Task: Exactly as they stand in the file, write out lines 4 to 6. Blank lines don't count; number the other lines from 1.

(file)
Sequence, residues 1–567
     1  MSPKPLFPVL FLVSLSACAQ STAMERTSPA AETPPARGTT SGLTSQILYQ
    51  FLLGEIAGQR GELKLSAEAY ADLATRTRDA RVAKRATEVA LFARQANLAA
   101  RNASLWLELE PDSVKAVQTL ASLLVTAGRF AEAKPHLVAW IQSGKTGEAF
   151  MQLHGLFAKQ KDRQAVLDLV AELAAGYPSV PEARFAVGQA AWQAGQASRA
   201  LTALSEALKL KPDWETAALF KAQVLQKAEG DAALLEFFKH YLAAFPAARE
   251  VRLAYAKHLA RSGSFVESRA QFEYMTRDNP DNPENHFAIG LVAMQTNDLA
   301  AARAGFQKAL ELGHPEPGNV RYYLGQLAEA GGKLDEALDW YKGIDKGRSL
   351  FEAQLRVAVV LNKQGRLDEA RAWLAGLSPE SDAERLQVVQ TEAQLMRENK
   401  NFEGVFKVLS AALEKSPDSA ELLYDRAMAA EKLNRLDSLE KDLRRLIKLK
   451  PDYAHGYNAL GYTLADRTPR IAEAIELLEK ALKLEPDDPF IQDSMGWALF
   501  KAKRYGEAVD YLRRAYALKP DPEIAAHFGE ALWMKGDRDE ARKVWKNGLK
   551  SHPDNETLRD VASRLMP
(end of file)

   101  RNASLWLELE PDSVKAVQTL ASLLVTAGRF AEAKPHLVAW IQSGKTGEAF
   151  MQLHGLFAKQ KDRQAVLDLV AELAAGYPSV PEARFAVGQA AWQAGQASRA
   201  LTALSEALKL KPDWETAALF KAQVLQKAEG DAALLEFFKH YLAAFPAARE